This may be cheating, but Trevon Bluiett’s signature “moment” this summer was really the entire Nike EYBL circuit leading up to the Nike Peach Jam. He was, in a word, unstoppable. The rising junior averaged 16.5 points per game and shot an impressive 48 percent from the field. He was one of the most productive players on a circuit that included many of the most talented players in the country. Bluiett proved he certainly belongs in the conversation of the best wing scorers in his class. Although Bluiett and his Spiece team hit a bit of a skid at the final EYBL event at Peach Jam, there were very few players more impressive in a more demanding league than Bluiett on the EYBL circuit this summer.
Our summer highlights include footage of Bluiett at a number of events including the Nike Peach Jam, Spiece Run ‘n Slam, Adidas Invitational, GRBA Nationals and more.
Bluiett’s third-party report is brought to you by Rivals.com, and Triple Double Prospects, recruiting analyst Corey Albertson, who watched Bluiett dominate play during the second day of the Adidas Invitational:
Bluiett is known as an explosive wing scorer. On Thursday, the four-star poured in 32 points for Spiece team, including a barrage of long-distance jumpers. With great size for his position, and an improving ability to make plays off the dribble, Bluiett is one of the top perimeter scorers in his 2014 class. What we like about him is his pace. He doesn’t force the issue and he usually is very good at waiting for offensive opportunities to come to him instead of pushing too hard for shots. His athleticism is still developing, but Bluiett has become a nice all-around player who can do more than score.
Trevon Bluiett is a pure scorer with an emphasis on shooting. He possesses one of the silkiest jumpers in the country and knocks down shots from range on a consistent basis. He can create his own shot but he can be a catch-and-shoot assassin. However, Bluiett spent much of this summer proving he has ability to score in other ways besides shooting. He has vastly improved his driving ability, as well as his post-up game — Bluiett is tall enough to be able to score in the post against smaller perimeter defenders. Bluiett has also greatly improved his rebounding, and seems to always be in good position for scoring opportunities when cleaning the offensive glass. He has a remarkable tendency to let scoring opportunities come to him, rather than forcing them. He simply brings a lot to the table without taking much off of it.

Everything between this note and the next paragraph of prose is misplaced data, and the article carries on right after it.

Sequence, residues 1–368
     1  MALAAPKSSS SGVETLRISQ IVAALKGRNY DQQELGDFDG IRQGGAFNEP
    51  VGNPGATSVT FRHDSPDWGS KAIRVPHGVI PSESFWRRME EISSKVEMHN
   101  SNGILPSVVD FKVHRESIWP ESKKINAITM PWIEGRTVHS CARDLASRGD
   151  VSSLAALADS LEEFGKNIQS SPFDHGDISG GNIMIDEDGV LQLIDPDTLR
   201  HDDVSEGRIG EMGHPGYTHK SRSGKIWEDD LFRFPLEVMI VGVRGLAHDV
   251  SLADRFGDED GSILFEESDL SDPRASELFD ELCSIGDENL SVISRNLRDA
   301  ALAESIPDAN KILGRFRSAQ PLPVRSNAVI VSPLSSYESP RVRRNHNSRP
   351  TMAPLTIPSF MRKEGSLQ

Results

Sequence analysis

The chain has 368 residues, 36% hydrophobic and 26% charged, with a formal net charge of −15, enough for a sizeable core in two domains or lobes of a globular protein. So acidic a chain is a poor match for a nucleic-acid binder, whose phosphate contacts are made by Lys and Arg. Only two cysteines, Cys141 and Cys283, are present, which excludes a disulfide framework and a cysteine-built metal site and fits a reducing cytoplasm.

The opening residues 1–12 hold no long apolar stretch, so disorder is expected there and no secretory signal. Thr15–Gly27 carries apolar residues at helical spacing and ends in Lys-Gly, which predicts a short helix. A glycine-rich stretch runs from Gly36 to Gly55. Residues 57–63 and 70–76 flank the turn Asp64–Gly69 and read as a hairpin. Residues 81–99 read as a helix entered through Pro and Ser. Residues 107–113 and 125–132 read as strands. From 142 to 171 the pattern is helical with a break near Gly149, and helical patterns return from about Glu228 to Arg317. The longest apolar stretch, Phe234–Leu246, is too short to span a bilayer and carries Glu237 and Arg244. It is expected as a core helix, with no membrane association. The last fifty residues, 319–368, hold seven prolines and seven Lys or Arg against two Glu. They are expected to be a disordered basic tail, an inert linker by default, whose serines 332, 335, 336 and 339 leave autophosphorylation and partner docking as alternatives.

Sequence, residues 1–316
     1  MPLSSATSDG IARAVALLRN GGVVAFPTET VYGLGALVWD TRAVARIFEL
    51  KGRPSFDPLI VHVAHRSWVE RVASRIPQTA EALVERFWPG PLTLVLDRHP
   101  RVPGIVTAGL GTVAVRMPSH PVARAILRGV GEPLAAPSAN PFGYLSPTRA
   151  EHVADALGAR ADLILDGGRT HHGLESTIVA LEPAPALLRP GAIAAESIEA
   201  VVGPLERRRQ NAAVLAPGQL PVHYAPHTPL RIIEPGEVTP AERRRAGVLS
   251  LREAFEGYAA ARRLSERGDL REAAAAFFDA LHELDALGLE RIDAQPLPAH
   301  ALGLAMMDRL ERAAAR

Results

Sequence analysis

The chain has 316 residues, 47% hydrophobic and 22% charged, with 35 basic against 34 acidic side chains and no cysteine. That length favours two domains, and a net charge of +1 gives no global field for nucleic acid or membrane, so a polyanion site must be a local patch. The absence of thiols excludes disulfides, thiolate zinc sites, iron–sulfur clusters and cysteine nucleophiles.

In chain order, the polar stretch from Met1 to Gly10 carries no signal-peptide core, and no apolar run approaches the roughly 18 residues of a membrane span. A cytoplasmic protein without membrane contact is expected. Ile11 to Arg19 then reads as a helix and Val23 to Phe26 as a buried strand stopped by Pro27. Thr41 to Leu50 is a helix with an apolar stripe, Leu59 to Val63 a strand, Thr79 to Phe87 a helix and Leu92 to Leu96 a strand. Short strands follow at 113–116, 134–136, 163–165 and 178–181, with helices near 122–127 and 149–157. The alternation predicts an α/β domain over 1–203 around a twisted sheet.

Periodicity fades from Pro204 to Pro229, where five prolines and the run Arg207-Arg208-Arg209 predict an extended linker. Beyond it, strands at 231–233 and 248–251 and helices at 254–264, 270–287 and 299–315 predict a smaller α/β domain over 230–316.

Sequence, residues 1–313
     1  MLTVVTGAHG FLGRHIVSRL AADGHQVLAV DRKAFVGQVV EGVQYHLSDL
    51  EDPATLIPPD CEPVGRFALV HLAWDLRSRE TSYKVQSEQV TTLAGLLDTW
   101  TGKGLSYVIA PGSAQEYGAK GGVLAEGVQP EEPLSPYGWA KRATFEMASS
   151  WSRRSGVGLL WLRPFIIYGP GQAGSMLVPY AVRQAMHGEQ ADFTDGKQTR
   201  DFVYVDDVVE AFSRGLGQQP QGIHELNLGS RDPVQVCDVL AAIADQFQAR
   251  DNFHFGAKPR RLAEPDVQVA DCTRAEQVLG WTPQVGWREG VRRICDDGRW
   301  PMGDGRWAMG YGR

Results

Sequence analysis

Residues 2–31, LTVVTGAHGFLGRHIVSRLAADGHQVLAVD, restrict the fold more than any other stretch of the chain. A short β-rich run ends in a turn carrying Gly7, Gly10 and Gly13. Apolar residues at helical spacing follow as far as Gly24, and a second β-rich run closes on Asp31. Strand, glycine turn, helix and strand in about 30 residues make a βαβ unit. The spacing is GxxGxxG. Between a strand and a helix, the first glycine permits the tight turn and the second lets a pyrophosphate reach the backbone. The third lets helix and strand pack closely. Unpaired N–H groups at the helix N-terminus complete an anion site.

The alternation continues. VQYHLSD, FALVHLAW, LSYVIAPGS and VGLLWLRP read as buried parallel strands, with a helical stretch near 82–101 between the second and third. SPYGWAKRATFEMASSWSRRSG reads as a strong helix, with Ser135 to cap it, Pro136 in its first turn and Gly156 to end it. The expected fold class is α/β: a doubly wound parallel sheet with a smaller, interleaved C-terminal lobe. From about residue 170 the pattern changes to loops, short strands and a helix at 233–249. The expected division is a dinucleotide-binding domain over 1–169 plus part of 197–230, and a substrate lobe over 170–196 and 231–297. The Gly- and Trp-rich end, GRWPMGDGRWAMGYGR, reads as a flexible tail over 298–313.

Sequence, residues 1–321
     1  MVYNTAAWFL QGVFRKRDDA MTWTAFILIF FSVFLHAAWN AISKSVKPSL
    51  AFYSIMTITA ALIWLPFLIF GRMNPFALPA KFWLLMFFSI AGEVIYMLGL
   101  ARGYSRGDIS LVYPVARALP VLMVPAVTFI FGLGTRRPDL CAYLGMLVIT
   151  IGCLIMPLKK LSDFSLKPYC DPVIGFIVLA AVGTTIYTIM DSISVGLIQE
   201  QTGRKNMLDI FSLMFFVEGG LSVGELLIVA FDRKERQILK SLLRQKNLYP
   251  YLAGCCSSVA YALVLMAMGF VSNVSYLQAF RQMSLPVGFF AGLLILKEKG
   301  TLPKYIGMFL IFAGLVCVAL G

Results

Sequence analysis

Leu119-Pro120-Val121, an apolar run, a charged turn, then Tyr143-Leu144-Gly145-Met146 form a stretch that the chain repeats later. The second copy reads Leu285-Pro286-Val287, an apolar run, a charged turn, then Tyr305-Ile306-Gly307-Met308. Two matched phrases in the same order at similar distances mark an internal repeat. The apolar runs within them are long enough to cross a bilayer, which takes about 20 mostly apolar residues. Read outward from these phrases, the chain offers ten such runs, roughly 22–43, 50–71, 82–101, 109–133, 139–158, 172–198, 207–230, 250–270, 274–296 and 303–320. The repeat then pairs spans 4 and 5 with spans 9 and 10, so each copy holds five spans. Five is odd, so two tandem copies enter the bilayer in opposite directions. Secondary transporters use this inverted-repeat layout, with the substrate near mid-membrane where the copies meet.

Michigan offered Bluiett shortly after the June 15th offer day, as soon as Bluiett was able to make it to campus for a visit (Beilein doesn’t offer players before a full fledged visit). It was obvious Blueitt was impressed by his visit to Ann Arbor and the fact that the coaching staff made a point of offering him in person. Bluiett has a ton of offers to sort through, and he isn’t putting a timetable on his decision. The general feeling is that he is partial to Indiana and he’s mentioned taking three of his officials to the homestate schools: Indiana, Butler and Purdue. However, Michigan is firmly in the mix and Bluiett seems to be a perfect fit for Beilein’s offense.
Bluiett is in no hurry to make a college decision but wherever he ends up, he’ll be a difference maker scoring the basketball at the next level.